International Badge Day Part IV

International Badge Day is March 5 and it celebrates sisterhood and membership, but did you know that March is also National Women’s History Month? There are many notable sorority women in history. In fact, Grace Goodhue Coolidge – wife of President Coolidge – was a Pi Beta Phi. She wore her badge on her heart in many famous photos with her husband. So on March 5, wear your badge on your heart proudly because that photo someone snaps is a notable piece of sorority history.

Kappa Delta:
• In 1897, Kappa Delta founder Julia Tyler Wilson designed the sorority’s first badge in the shape of a diamond with a fluted edge, and a local jeweler crafted a dozen badges, enough for the first group of initiates at State Female Normal School, now Longwood University in Farmville, Virginia.
• Since 1913, each Kappa Delta badge has been engraved on the back with the member’s number and her chapter name, and with this information also stored in the sorority’s database, it is possible to connect a lost badge to its owner.
• Today the “diamond shield” of Kappa Delta no longer has fluted edges, but the gold or silver pins may be rimmed with diamonds, emeralds, pearls or any combination of these precious jewels.

Alpha Delta Pi:
• During the first three years of the Adelphean Society, the badge evolved from the satin riband in 1851 to a metal diamond-shaped badge in 1852.
• While our first all-gold badge cost $6 in 1853, more than 132 combinations of metal and gemstone are available to members today.
• To commemorate the sorority’s 160th anniversary, a badge set with turquoise stones debuted at Grand Convention in Phoenix, Arizona.

Sigma Kappa:
• The official Sigma Kappa triangle badge was adopted on March 7, 1894, with “unjeweled maroon enamel, if possible.” Jeweled badges were approved at the 1915 convention when the pearl was adopted as the national jewel.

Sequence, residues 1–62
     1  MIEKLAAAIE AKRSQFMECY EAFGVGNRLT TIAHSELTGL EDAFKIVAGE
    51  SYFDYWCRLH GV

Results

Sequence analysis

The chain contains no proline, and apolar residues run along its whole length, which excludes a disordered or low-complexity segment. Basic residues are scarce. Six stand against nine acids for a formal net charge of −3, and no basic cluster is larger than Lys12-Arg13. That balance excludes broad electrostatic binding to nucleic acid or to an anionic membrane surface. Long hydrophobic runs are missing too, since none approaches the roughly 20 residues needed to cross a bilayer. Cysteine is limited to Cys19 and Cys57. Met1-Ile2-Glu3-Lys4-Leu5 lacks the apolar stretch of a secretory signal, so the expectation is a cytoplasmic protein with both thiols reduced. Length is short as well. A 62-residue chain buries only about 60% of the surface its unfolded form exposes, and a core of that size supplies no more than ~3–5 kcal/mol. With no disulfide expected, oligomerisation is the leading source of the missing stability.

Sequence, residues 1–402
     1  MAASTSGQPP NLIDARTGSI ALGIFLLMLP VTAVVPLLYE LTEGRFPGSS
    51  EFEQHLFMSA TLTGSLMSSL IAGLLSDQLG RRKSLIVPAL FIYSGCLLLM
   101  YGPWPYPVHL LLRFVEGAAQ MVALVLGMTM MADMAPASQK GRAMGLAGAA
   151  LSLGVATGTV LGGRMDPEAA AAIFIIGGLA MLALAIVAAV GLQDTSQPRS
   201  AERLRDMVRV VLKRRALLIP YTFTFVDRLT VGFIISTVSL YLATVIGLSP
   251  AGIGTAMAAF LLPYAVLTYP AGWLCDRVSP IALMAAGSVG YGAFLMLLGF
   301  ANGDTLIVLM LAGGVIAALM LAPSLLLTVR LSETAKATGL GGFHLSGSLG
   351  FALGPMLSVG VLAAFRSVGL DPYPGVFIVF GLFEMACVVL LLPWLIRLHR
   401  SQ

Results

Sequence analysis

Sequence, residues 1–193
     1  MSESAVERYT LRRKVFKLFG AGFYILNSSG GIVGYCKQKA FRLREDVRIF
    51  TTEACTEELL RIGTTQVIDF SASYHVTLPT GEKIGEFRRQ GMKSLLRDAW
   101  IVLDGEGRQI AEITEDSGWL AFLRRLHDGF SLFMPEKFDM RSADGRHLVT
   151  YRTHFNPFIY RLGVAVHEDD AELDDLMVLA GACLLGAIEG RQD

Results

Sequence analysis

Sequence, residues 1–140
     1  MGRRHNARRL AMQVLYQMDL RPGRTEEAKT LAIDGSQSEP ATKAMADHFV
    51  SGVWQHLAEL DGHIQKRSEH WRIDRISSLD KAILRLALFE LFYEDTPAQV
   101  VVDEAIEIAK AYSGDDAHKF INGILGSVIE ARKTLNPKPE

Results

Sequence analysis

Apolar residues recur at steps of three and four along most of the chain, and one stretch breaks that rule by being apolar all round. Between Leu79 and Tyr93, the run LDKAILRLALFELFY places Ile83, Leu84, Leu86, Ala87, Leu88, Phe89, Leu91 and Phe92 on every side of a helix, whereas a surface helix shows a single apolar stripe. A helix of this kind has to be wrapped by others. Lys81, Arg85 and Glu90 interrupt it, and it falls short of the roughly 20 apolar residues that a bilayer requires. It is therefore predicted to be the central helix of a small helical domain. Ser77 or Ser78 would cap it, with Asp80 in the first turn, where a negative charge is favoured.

• Sigma Kappa’s earliest known badge, a serpent in the shape of the letter Sigma entwined with the letter Kappa, is now used as the new member badge.
• Members of national council wear a badge with two rows of alternating diamonds and pearls. After one year’s service on council, Sigma Kappa presents the members of the national council with a badge set with a single row of alternate diamonds and pearls. This type of badge is not worn by any other Sigma Kappa.

Pi Beta Phi:
• In 1888, when the Fraternity’s name was officially changed to its Greek motto, Pi Beta Phi, the Greek letters replaced the “I C” on the wings of the badge. At that time, the subject of jeweled badges arose. Although some chapters were opposed to putting jewels on the badge, the first jeweled Pi Beta Phi badge, a diamond and pearl badge, was presented to Grand President, Rainie Adamson Small, at the 1888 Ottumwa Convention.
• At the Yellowstone National Park Convention in 1934, the convention body voted to limit the links in the chain of the badge to 12 — one for each founder.
• The 1921 Charlevoix Convention body voted no member initiated after July 6, 1921, wear any other badge than the official gold standard badge. Enameled wings and stones in the chain were forbidden, as were platinum badges.

Gamma Phi Beta:
• The Gamma Phi Beta badge was designed by Tiffany & Co. in New York in 1874.
• The badge should be worn over the heart when adorning clothing, but may also be worn on a ring, necklace or charm bracelet.
• There are a total of 35 jewels – 17 stones in the Gamma/Beta and 18 stones in the Phi. Also the back of the badge is engraved with the name, chapter and year of initiation for each member.